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Advancing cancer research with public imaging datasets from the National Cancer Institute Imaging Data Commons

Medical imaging offers remarkable opportunities in research for advancing our understanding of cancer, discovering new non-invasive methods for its detection, and improving overall patient care. Advancements in artificial intelligence (AI), in particular, have been key in unlocking our ability to use this imaging data as part of cancer research. Development of AI-powered research approaches, however, requires access to large quantities of high quality imaging data. 

Sample images from NCI Imaging Data Commons. Left: Magnetic Resonance Imaging (MRI) of the prostate (credit: http://doi.org/10.7937/K9/TCIA.2018.MR1CKGND), along with the annotations of the prostate gland and substructures. Right: highly-multiplexed fluorescence tissue imaging of melanoma (credit: https://humantumoratlas.org/hta7/).

The US National Cancer Institute (NCI) has long prioritized collection, curation, and dissemination of comprehensive, publicly available cancer imaging datasets. Initiatives like The Cancer Genome Atlas (TCGA) and Human Tumor Atlas Network (HTAN) (to name a few) work to make robust, standardized datasets easily accessible to anyone interested in contributing their expertise: students learning the basics of AI, engineers developing commercial AI products, researchers developing innovative proposals for image analysis, and of course the funders evaluating those proposals.

Even so, there continue to be challenges that complicate sharing and analysis of imaging data:

Data is spread across a variety of repositories, which means replicating data to bring it together or within reach of tooling (such as cloud-based resources).

Images are often stored in vendor-specific or specialized research formats which complicates analysis workflows and increases maintenance costs.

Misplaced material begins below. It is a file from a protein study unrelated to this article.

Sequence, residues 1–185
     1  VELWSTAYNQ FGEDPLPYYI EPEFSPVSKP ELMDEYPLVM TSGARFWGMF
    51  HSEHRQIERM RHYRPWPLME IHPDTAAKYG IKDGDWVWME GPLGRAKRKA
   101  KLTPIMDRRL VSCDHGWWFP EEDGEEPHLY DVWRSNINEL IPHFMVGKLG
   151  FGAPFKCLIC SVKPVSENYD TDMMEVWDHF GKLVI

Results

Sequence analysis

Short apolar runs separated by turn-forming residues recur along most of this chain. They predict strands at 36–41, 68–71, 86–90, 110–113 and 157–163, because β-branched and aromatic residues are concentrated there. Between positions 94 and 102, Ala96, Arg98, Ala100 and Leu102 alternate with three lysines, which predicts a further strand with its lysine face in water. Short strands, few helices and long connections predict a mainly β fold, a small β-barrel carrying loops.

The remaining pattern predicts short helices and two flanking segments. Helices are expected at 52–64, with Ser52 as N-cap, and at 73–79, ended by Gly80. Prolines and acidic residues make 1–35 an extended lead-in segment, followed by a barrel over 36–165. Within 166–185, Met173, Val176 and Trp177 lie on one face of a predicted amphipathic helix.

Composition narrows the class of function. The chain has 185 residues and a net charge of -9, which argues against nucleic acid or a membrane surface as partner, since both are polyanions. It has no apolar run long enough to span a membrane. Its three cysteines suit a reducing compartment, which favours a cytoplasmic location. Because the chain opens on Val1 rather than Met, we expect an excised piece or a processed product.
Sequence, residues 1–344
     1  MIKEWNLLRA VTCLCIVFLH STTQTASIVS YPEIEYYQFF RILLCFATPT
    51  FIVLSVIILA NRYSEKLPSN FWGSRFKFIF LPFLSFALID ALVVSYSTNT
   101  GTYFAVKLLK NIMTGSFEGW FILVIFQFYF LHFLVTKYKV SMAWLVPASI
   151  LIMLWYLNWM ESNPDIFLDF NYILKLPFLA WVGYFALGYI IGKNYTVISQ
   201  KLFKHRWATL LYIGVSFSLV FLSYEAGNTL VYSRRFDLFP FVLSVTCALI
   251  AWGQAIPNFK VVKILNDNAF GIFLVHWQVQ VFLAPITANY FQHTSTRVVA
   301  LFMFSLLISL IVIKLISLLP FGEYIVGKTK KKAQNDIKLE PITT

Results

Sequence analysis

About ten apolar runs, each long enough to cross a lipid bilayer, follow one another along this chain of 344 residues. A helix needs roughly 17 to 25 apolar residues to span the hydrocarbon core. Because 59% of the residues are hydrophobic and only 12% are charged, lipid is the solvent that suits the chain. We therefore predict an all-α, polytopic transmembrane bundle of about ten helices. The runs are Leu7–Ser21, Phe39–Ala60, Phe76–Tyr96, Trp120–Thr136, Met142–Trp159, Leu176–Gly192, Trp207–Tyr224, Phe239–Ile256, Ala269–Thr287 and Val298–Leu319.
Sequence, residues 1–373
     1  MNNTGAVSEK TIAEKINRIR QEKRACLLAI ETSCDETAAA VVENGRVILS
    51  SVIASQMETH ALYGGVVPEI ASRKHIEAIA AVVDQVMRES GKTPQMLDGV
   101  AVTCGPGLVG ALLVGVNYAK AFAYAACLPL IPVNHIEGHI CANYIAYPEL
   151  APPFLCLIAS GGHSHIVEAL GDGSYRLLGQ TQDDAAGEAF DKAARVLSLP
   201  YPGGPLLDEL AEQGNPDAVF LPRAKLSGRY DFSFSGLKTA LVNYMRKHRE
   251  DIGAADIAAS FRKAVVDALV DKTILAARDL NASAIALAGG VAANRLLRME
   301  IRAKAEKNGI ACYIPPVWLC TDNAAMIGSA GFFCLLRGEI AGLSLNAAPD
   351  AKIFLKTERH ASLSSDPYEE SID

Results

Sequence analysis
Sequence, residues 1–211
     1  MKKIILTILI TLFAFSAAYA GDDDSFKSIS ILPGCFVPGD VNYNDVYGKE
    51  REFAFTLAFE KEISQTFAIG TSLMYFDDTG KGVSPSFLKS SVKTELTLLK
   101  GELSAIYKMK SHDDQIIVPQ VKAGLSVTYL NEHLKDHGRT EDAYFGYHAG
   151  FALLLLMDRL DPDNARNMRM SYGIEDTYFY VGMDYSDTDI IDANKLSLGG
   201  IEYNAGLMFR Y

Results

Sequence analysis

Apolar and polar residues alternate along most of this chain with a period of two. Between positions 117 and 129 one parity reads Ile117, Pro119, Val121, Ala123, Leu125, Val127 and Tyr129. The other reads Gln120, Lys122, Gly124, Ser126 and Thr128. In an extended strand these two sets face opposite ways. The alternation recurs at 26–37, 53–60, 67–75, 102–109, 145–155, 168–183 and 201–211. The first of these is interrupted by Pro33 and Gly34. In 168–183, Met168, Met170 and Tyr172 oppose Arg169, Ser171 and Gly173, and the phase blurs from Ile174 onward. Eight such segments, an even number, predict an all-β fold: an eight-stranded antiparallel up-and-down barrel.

Lack of a common data model or tooling make capabilities such as search, visualization, and analysis of data difficult and repository- or dataset-specific. 

Achieving reproducibility of the analysis workflows, a critical function in research, is challenging and often lacking in practice.

Introducing Imaging Data Commons

To address these issues, as part of the Cancer Research Data Commons (CRDC) initiative that establishes the national cancer research ecosystem, NCI launched the Imaging Data Commons (IDC), a cloud-based repository of publicly available cancer imaging data with several key advantages:

Colocation: Image files are curated into Google Cloud Storage buckets, side-by-side with on-demand computational resources and cloud-based tools, making it easier and faster for you to access and analyze.

Format: Images, annotations and analysis results are harmonized into the standard DICOM (Data Imaging and Communications and Medicine) format to improve interoperability with tools and support uniform processing pipelines.

Tooling: IDC maintains tools that – without having to download anything – allow you to explore and search the data, and visualize images and annotations. You can easily access IDC data from the cloud-based tools available in Google Cloud, such as Vertex AI, Colab, or deploy your own tools in highly configurable virtual environments.

Reproducibility: Sharing reproducible analysis workflows is streamlined through maintaining persistent versioned data that you can use to precisely define cohorts used to train or validate algorithms, which in turn can be deployed in virtual environments that can provide consistent software and hardware configuration.

IDC ingests and harmonizes de-identified data from a growing list of repositories and initiatives, spanning a broad range of image types and scales, cancer types, and manufacturers. A significant portion of these images are accompanied by annotations and clinical data. 

For a quick summary of what is available in IDC, check the IDC Portal or this Looker Studio dashboard